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At a glance: Congo

Republic of Congo launches 'roadmap' for flour fortification

© UNICEF Congo/2007/Ouenabio
A young vendor sells iron-fortified flour at the local market in Plateaux de 15 ans, a suburb zone of Brazzaville, Republic of Congo.

POINTE NOIRE, Republic of Congo, 22 December 2008 – Congo has launched a 'roadmap' to reduce the prevalence of iron-deficiency anaemia among children and pregnant women by least 30 per cent by 2013. The goal is to be achieved through the fortification of wheat flour with iron and folate.

The roadmap was launched last month in Pointe Noire, Congo's economic capital, by the government in partnership with MINOCO, a Congolese miller, and with the support of UNICEF. When fully realized, the initiative will guarantee that 80 per cent of the flour provided on the market in Congo is fortified.

Fortification of staple foods

Congo is being hard hit by 'silent hunger' or lack of micronutrients – particularly iron-deficiency anaemia, a nutritional disorder and public health concern. Health and nutrition surveys conducted in Congo show an alarming situation: Hundreds of thousands of children under the age of five, pregnant women and women of childbearing age are unprotected from iron-deficiency anaemia.

© UNICEF Congo/2007/Pevre
Three girls in northern Congo have lunch provided by their school as part of the 'child-friendly schools' approach to meeting a wide range of children's needs.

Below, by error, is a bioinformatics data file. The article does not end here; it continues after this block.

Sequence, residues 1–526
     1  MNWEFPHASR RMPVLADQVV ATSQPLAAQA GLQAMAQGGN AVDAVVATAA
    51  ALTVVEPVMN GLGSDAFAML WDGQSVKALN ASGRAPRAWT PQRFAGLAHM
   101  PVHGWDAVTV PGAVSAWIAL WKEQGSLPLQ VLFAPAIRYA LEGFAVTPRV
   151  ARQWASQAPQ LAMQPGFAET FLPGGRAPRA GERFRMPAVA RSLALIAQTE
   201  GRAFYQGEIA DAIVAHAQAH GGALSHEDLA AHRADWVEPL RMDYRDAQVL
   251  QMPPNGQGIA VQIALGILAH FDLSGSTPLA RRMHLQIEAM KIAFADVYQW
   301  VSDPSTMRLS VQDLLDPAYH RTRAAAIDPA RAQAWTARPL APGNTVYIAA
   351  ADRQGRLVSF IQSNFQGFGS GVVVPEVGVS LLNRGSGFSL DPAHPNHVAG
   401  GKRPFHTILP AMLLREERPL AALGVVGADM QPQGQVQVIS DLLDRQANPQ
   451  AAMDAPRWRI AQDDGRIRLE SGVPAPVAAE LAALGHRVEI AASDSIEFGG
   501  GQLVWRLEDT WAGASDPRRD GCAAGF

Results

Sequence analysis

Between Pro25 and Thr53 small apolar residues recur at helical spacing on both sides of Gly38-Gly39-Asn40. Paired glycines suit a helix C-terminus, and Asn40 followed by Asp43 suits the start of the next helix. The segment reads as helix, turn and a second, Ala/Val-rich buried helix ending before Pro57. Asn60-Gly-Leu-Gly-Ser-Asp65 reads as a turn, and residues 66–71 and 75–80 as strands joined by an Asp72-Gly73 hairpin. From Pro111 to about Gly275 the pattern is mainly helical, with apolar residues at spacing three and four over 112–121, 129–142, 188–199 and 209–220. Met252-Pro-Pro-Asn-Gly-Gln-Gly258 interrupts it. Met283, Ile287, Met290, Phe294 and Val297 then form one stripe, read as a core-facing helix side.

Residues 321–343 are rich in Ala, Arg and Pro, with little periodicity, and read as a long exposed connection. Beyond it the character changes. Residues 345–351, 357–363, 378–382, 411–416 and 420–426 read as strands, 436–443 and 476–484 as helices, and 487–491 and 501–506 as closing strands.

Currently, iron-deficiency control in Congo focuses primarily on nutritional supplements for pregnant women and mothers who have just delivered a child; the supplements are provided in conjunction with de-worming, malaria prevention and nutrition education efforts.

The fortification of staple foods such as wheat flour should prove more effective. Indeed, the success of this low-cost intervention has already been demonstrated in many countries across the globe.

"The fortification of wheat flour is an effective way to fight against malnutrition," said the Minister of Health, Social Affairs and Family, Emilienne Raoul. The Ministry, he added, "is firmly committed to this process."

'Waiting for the green light'

Government officials say that the conditions to launch flour fortification in Congo are ideal. Wheat flour-based products, such as bread and cakes, are consumed by a large majority of the population. And flour fortification technology is easily transferred; importers and MINOCO, which produces 60 per cent of flour consumed in Congo, are committed to adopting the new product.

"We will grant tax incentives and exemptions to MINOCO for the importation of the required equipment in order to quickly move forward with the process of flour fortification," promised the Minister of Industrial Development and Promotion of the Private Sector, Emile Mabondzo.

"The Congo is the first country in Central Africa to engage in the fortification of wheat flour. It is a beacon for the development of the sub-region," noted UNICEF Representative in Congo Dr. Koen Vanormelingen.

With the government committed to regulating the manufacture, importation and marketing of iron-fortified wheat flour on Congolese territory, all other participants are now just waiting for the green light. "We can begin the process of fortification of wheat flour right now," concluded the Director General of MINOCO, Christophe Bardy.



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